North; St. Joseph’s Women’s Hospital; Tampa General

Hospital; Town & Country Hospital; University

Community Hospital; University Community

Hospital At Carrollwood

Holmes

No

Doctors Memorial Hospital

Indian River

Yes

Special Act

Ch. 59-1384, Laws of Fla

Click Here

Healthsouth Treasure Coast Rehabilitation Hospital;

Indian River Medical Center; Sebastian River

Medical Center

Jackson

Yes

Special Act

Ch. 2003-363, § 8,

Laws of Fla.

Click Here

Campbellton-Graceville Hospital; Jackson Hospital

Jefferson

No

 

Lafayete

No

 

Lake

Yes

Special Act

Ch. 93-346, Laws of

Fla.

Click Here

Florida Hospital Waterman; Leesburg Regional Medical

Center; Lifestream Behavioral Center; South Lake

Hospital

Lee

Yes

Special Act

Ch. 89-540, Laws of

Fla. for charitable

hospitals;

Ch. 2000-439, § 18

Laws of Fla. for Lee

Memorial Health Sys.

Click Here

Cape Coral Hospital; Gulf Coast Medical Center;

Healthpark Medical Center; Lee Memorial Hospital;

Lehigh Regional Medical Center; Southwest Florida

Regional Medical Center

Leon

No

Capital Regional Medical Center; Eastside Psychiatric

Hospital; Healthsouth Rehabilitation Hospital Of Tallahassee; Select Specialty Hospital -Tallahassee Inc;

Tallahassee Memorial Hospital

Levy

No

Nature Coast Regional Hospital

Liberty

No

 

Madison

Yes

Special Act

Ch. 2003-333, Laws of

Fla.

Click Here

Madison County Memorial Hospital

Manatee

No

Blake Medical Center; Lakewood Ranch Medical

Center; Manatee Glens Hospital; Manatee Memorial

Hospital; Manatee Palms Youth Services

Marion

Yes

Special Act

Ch. 30965 (1955),

Laws of Fla.

Click Here

Kindred Hospital Ocala; Munroe Regional Medical

Center; Ocala Regional Medical Center; Ten Broeck

Ocala; The Centers Inc; West Marion Community

Hospital

Martin

No

Martin Memorial Hospital South; Martin Memorial

Medical Center; Sandypines

Miami-Dade

Yes

Ordinance

Chapter 25C, Code of

Metropolitan Dade

County

Lien was originally

authorized by a general

law, Ch. 27032 (1951),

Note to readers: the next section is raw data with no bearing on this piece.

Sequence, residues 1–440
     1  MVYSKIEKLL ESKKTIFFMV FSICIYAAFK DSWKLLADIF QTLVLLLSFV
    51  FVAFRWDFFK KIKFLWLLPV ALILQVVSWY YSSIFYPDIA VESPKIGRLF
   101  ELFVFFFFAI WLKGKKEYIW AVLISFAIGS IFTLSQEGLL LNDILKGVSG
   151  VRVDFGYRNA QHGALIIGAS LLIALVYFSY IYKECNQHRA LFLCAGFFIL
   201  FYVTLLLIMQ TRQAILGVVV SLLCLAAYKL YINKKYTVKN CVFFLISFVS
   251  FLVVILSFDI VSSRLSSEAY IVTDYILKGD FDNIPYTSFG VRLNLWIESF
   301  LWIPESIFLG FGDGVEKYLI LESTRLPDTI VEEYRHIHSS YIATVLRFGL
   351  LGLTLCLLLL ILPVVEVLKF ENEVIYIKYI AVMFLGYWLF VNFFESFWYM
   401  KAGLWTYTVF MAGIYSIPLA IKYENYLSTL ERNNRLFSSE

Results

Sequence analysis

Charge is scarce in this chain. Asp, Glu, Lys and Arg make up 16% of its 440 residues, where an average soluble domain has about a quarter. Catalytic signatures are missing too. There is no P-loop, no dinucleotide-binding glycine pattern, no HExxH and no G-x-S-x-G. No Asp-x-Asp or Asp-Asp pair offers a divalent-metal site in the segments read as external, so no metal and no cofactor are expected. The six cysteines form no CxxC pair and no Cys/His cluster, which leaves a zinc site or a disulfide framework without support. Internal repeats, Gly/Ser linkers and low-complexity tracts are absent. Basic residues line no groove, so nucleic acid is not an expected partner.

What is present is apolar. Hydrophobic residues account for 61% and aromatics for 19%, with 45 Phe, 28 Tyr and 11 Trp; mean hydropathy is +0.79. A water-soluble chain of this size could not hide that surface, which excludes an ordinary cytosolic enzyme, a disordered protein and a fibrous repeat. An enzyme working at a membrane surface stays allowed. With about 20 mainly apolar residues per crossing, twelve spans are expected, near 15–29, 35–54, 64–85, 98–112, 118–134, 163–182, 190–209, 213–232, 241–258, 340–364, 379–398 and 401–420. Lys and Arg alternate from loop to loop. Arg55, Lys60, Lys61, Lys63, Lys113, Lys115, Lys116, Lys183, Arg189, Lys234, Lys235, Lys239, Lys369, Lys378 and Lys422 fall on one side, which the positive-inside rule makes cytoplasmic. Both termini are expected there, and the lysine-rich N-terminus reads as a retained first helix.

Laws of Fla., which

was repealed and

became a county

ordinance pursuant to

Ch. 71-29, Laws of Fla

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Anne Bates Leach Eye Hospital; Aventura Hospital And

Medical Center; Baptist Children’s Hospital; Baptist

Hospital Of Miami; Coral Gables Hospital; Doctors

Hospital Inc; Douglas Gardens Hospital; Healthsouth

Rehabilitation Hospital Of Miami; Hialeah Hospital;

Homestead Hospital; Jackson Memorial Hospital;

Jackson Memorial Hospital-North; Jackson North

Medical Center; Jackson South Community Hospital;

Kendall Regional Medical Center; Kindred Hospital

South Florida Coral Gables; Larkin Community

Hospital; Mercy Hospital; Metropolitan Hospital Of

Miami; Miami Children’s Hospital; Mount Sinai Medical

Center; North Shore Medical Center; Palm Springs

General Hospital; Palmetto General Hospital; Select

Specialty Hospital-Miami; Sister Emmanuel Hospital

For Continuing Care; South Beach Community Hospital;

South Florida Evaluation And Treatment Center; South

Miami Hospital, Inc; Southern Winds Hospital; St

Catherine’s Rehabilitation Hospital; University Of

Miami Hospital; University Of Miami Hospital And

Clinics; West Gables Rehabilitation Hospital; West

Kendall Baptist Hospital; Westchester General Hospital

Monroe

No

Depoo Hospital; Fishermen’s Hospital; Lower Keys

Medical Center; Mariners Hospital

Nassau

No

Baptist Medical Center -Nassau

Okaloosa

No

Fort Walton Beach Medical Center; Gulf Coast

Treatment Center; North Okaloosa Medical Center;

Twin Cities Hospital

Okeechobee

No

Raulerson Hospital

Orange

Yes

Special Act/Ordinance